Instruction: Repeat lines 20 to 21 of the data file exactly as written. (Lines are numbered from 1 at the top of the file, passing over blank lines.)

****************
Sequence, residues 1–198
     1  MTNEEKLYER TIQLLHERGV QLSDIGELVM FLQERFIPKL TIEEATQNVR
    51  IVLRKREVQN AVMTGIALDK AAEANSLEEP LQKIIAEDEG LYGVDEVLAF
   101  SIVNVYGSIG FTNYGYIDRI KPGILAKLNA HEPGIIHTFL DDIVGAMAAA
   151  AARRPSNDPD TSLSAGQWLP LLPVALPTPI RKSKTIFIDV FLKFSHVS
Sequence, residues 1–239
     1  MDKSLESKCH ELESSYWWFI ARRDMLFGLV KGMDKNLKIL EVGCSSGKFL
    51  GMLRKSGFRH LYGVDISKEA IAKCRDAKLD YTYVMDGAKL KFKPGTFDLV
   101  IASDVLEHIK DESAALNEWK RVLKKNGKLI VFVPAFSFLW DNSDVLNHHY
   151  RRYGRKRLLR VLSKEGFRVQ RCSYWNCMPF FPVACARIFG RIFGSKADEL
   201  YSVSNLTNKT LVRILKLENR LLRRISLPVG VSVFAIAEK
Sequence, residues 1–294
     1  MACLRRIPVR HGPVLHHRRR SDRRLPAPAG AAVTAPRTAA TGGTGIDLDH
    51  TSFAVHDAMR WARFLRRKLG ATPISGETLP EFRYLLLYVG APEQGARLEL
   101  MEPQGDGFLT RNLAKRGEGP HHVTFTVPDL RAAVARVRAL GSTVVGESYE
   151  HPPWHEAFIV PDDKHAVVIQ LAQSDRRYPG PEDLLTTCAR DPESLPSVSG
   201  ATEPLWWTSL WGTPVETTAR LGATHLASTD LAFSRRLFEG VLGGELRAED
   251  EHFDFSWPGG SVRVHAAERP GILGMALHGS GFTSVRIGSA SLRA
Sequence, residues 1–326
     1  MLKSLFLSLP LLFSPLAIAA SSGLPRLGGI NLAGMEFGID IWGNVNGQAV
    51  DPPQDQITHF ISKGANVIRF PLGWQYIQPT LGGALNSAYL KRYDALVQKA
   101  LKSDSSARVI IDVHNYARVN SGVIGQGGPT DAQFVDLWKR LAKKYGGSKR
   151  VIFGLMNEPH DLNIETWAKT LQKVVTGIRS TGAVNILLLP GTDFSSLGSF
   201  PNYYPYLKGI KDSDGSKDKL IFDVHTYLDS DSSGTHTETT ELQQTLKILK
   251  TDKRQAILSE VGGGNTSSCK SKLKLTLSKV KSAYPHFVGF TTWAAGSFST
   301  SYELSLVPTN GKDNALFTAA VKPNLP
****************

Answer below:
     1  MLKSLFLSLP LLFSPLAIAA SSGLPRLGGI NLAGMEFGID IWGNVNGQAV
    51  DPPQDQITHF ISKGANVIRF PLGWQYIQPT LGGALNSAYL KRYDALVQKA